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Research examines link between physically active children and healthy adulthood

JELF award will help study the physical activity-to-health connection in children to prove why exercise IS the best medicine.

 

April 15, 2016
Lori Dillon

Finally, the warm weather has arrived.  And with it, no doubt, a return to the outdoors for neighbourhood kids who can’t wait to get out there and burn some energy. 

Or maybe not.

Studies show that over 90% of Canadian youth are not getting the requisite one hour of heart-pumping physical activity per day – a statistic that’s both alarming and unacceptable to Brian Timmons, associate professor of pediatrics.

So, with the help of an $80,000 John R. Evans Leaders Fund award from the Canada Foundation for Innovation (CFI), Timmons will be gathering his owns statistics by tracking the physical activity of hundreds of local children in an effort to determine the effects of physical activity in the early years on long-term health. 

The funds will allow Timmons and his team to purchase as many as 500 accelerometers – devices designed to more accurately record physical activity movements – as well as the software to analyze the results. 

“Think Fitbit on steroids,” says Timmons, who holds the Canada Research Chair in Child Health & Exercise Medicine, when describing the accelerometer.   While it’s the “gold standard” for physical activity measurement, Timmons says there are still big gaps in how best to analyze the copious amounts of data derived from the devices – gaps he intends to fill through his research.

Timmons will monitor the activity of local children – both those who are living with a pre-existing, chronic medical condition and those who are otherwise healthy – to determine how much physical activity children really need, how much is safe for those with underlying conditions, and the correlation between being active as a kid and being healthy as an adult.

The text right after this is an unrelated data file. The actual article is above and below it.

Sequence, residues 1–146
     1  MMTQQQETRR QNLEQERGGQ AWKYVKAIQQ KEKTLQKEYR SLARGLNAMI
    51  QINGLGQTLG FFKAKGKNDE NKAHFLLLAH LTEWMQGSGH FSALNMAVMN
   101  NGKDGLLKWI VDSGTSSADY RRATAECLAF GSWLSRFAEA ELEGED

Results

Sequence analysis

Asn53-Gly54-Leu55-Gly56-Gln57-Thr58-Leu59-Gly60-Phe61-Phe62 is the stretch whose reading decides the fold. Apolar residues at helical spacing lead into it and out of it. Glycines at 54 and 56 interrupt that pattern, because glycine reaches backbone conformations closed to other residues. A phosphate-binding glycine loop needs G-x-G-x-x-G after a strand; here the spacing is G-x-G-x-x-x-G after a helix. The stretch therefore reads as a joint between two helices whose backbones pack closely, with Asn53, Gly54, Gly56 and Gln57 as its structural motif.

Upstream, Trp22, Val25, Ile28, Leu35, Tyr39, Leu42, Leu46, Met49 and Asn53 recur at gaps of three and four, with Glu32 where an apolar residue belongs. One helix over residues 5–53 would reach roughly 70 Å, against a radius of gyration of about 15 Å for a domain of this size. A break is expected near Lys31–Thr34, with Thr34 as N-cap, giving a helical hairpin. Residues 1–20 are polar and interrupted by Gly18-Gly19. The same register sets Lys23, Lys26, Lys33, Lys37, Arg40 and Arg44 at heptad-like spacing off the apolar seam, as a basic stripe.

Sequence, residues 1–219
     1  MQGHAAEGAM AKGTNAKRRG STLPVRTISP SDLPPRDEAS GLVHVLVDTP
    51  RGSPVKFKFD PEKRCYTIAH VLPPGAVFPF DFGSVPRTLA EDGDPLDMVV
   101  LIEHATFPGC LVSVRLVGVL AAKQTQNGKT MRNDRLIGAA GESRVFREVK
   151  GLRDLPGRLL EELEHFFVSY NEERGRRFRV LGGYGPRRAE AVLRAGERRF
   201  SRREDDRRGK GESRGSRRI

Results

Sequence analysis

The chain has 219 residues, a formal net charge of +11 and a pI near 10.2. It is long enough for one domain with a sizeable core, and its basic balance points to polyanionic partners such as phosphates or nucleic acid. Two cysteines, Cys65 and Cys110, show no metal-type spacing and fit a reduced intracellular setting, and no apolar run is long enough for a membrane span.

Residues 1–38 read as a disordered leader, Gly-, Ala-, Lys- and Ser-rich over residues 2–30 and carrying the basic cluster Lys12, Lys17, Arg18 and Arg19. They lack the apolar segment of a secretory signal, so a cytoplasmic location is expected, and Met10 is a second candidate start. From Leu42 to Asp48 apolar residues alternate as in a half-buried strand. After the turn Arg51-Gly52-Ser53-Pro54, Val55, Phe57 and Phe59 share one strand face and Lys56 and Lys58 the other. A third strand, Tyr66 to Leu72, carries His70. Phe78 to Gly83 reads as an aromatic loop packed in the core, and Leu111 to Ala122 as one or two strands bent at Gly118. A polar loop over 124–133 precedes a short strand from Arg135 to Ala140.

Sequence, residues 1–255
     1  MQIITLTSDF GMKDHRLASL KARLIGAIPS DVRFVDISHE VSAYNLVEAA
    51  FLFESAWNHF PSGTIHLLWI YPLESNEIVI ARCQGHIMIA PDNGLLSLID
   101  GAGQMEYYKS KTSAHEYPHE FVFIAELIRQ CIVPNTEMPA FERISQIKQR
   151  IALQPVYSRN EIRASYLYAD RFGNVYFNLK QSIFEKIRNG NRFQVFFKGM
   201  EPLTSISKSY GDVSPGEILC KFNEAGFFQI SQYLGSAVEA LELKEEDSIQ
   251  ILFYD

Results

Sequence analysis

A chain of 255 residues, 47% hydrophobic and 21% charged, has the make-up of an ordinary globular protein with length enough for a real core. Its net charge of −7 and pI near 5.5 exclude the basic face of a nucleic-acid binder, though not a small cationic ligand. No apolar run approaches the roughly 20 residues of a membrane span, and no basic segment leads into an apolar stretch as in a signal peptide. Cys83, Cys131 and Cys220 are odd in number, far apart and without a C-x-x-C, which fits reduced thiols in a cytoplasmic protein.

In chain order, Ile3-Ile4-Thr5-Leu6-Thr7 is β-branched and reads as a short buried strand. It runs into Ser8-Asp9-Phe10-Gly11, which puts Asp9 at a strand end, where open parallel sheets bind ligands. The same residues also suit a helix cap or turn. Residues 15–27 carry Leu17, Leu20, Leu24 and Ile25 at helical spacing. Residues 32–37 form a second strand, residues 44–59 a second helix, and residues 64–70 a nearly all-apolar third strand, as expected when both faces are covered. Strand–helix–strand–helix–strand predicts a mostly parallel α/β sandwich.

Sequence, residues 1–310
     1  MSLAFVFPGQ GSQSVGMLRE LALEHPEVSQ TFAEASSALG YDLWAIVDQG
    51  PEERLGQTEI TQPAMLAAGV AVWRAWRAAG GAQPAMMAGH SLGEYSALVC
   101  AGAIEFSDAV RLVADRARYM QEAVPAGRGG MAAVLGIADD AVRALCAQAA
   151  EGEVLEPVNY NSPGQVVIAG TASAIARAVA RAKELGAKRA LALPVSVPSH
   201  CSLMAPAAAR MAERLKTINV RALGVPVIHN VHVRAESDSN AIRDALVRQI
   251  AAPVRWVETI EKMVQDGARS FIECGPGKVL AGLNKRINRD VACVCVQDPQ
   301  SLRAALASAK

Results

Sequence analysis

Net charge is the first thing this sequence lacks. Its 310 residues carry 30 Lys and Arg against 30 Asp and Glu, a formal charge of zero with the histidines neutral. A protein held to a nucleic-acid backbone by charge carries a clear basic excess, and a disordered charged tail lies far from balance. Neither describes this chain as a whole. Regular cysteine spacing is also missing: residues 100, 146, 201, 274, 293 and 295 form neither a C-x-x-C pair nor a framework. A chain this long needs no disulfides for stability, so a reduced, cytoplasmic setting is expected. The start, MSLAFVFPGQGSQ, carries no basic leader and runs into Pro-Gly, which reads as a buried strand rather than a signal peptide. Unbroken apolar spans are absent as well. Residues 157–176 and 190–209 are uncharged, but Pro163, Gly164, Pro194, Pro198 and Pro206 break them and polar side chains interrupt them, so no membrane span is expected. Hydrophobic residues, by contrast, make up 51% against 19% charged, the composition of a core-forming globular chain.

“What’s ideal about the accelerometer is that it’s non-invasive and extremely accurate,” says Timmons of the device that’s worn around a child’s waist, comparing it to traditional ways of measuring activity which relied on self-reporting and questionnaires, neither of which is ideal for accuracy.

“Our research program will be one of only a few in the world able to study the physical activity-to-health connection in children,” he says, noting the results will give a more precise understanding of physical activity behaviours and what they mean for health.

The findings will enable researchers to create safe and effective physical activity strategies for health promotion and clinical rehabilitation.  “We’re so excited about our outcomes informing policies and shaping physical activity guidelines for Canadian children, says Timmons.  “I’m a firm believer that exercise is the best medicine.”

The funding was part of a national CFI funding announcement made last week by Minister of Science, Kirsty Duncan.  The John R. Evans Leaders Fund is designed to help universities attract and retain the best and brightest researchers from around the world by giving them access to state-of-the-art research tools.

If you’re interested in having your child participate in any of Dr. Timmons’ studies, please visit the Child Health & Exercise Medicine website.